As a small business owner with a food or beverage product, it can feel intimidating, and certainly be confusing, knowing the ins and outs of how to properly label your product. There are many labeling guidelines out there, with different specifications depending on your product type.
In the video above, Tara Heath, Senior Corporate Counsel and Director of Regulatory Affairs for Samuel Adams, helps break down product labeling for beginners. To help simplify the labeling process, we have also provided some general specifications you should be aware of:
Common FDA Guidelines for Food Labeling:
The U.S. Food and Drug Administration (FDA) website is going to be your go-to place for information and guidelines for labeling your product.
Guidelines of the FDA’s Food Labeling Guide discuss label placement, graphics, nutrition labeling, health claims, and more. This document is the Holy Grail of food labeling!
While there are some exceptions for small businesses when it comes to labeling, if you don’t fall within this lucky category, you should submit your labels for authentication through the U.S. Department of Agriculture’s (USDA) eAuthentication Label Submission and Approval System.
Common Guidelines from the Alcohol and Tobacco Tax and Trade Bureau on Beverage Labeling:
Firstly, be aware that you must submit your alcoholic beverage labels to the Alcohol and Tobacco Tax and Trade Bureau (TTB) before putting it on your packaging!
If you’re producing one of the world’s most consumed beverages—alcohol, you’ll generally have to incorporate the following criteria into your labeling:
- Brand name
- Name and addresses of bottler/packer/manufacturer/producer
- Net content
- Alcohol content
- Presence of coloring materials
- Other additives/agents (like sulfites)
- Government warning
Now that you know what should be included, be sure your labels are accurate.
Validate all the information on your labels:
Be sure to check that what you’re putting on your labels is true. For example, if you’re labeling your beer as a 12 oz. product, make sure it actually contains 12 ounces.
You don’t want to deceive your clients, but moreover, you don’t want to break the law.
Both the USDA and FDA set forth specifications about what certain packaging terms mean. To read up on these, check out The Food Standards and Labeling Policy Book and the Labeling Compliance Guidance.
In The Food Standards and Labeling Policy Book, you will find guidelines such as labeling wording do's and don’ts. For example, “Cajun style” might be your mom and pop’s signature seasoning, but depending on its ingredients, formally calling your product “Cajun style” can get you in trouble! In order to use the term “Cajun style,” your product must include: onion/onion powder/dehydrated onion, garlic/garlic powder/dehydrated garlic, white pepper, red pepper, and black pepper.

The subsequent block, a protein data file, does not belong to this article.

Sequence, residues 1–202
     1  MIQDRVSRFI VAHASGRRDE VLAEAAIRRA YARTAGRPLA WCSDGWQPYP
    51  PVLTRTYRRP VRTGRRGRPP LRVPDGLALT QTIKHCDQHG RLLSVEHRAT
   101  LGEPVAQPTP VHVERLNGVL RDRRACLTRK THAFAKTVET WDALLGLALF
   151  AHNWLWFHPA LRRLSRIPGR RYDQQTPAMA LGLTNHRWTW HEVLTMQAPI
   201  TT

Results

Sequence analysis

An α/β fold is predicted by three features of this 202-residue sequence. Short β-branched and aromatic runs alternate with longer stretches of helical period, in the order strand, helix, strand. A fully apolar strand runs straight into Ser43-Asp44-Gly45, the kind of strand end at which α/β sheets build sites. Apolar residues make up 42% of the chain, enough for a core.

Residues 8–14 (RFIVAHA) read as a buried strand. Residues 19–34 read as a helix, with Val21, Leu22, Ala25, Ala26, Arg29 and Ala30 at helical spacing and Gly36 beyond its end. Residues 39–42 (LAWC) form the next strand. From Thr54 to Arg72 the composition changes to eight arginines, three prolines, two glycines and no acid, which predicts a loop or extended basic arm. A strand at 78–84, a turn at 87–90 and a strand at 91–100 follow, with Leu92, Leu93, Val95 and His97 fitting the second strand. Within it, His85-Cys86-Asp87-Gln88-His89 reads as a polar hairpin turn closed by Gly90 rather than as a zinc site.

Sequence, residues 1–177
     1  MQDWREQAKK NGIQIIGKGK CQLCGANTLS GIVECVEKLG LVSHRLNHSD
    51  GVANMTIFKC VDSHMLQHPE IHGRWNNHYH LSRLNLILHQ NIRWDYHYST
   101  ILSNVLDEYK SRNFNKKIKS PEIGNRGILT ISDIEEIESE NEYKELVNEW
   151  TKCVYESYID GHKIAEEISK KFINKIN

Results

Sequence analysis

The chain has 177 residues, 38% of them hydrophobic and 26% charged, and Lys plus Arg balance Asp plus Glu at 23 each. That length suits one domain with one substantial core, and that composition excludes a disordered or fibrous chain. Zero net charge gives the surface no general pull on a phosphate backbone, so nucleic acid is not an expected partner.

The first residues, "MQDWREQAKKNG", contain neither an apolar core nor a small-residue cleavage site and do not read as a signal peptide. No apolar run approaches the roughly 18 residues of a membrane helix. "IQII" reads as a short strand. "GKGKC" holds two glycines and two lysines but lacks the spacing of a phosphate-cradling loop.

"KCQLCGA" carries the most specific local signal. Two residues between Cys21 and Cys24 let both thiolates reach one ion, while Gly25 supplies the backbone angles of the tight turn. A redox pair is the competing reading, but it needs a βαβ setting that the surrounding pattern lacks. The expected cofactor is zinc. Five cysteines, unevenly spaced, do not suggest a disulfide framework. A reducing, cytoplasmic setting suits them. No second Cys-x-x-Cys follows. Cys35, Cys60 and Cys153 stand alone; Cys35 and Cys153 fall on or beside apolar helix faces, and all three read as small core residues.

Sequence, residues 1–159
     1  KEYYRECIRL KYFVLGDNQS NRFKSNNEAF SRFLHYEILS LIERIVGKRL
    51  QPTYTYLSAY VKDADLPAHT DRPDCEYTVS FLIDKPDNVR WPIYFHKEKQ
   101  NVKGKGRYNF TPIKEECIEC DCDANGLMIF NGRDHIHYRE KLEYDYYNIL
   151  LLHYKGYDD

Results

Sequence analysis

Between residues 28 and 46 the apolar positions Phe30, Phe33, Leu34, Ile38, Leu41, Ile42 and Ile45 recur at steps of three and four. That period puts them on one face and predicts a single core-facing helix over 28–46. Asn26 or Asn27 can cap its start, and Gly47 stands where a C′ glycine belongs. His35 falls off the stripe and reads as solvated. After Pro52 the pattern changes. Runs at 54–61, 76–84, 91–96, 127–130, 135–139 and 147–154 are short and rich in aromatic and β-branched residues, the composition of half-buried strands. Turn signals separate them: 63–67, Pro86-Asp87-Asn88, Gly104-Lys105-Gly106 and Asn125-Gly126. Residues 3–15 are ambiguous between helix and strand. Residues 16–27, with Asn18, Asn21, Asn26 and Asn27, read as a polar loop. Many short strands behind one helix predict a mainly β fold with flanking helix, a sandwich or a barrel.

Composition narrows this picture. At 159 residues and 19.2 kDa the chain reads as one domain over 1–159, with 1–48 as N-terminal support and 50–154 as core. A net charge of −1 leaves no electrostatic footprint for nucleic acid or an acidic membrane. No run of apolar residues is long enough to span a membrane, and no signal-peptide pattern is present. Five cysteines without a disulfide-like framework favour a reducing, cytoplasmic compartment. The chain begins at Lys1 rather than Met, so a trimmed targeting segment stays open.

The Labeling Compliance Guidance also sets forth standards and approvals for labels on your product with terms like “gluten-free” or “organic.” Similarly, you should think twice before using phrases like “good source.” For instance, if you say that your granola is a “good source of fiber,” the implication of this phrase is that there’s enough fiber in your granola to fulfill 10-19% of the daily value. To see if the language you are planning on using may have stricter implications than you may have thought visit the FDA's Food Labeling Guide to see if the language you are planning on using to market your product may have stricter implications than you may have thought.
And now, let’s move on to the fun part…
Make your labels fun:
Labels shouldn’t be boring! Although certain requirements for your labels may seem limiting, like the formatting procedures required by the FDA, there are creative ways to incorporate the required information into your planned packaging.
For instance, while the FDA encourages your Nutrition Facts to be created in Helvetica Black or Franklin Gothic Heavy, try to think of ways to incorporate this black and white element into an appealing packaging design.
In need of some inspiration? Put on your creative cap and take a look at jC’s sweet tea, Raaka Chocolate, or Brewla Bars packaging. Here, all the essentials are hit upon, but in such a way that consumers aren’t distracted from the appeal, taste, or look of the product.
Because of the nature of the food and beverage business, customer safety and satisfaction are very important to the success of your small business. In this business, one size fits all doesn’t apply; a chocolate maker and a craft brewer are not going to be following the same guidelines. If interested in selling a meat product, get ready for the list of requirements to lengthen even more! So, check out websites like the FDA, USDA and TTB to read up on requirements specific to the product you are producing. Be sure to include all of the labeling requirements you discover in the products and services section of your business plan. And always remember, if confused, better safe than sorry!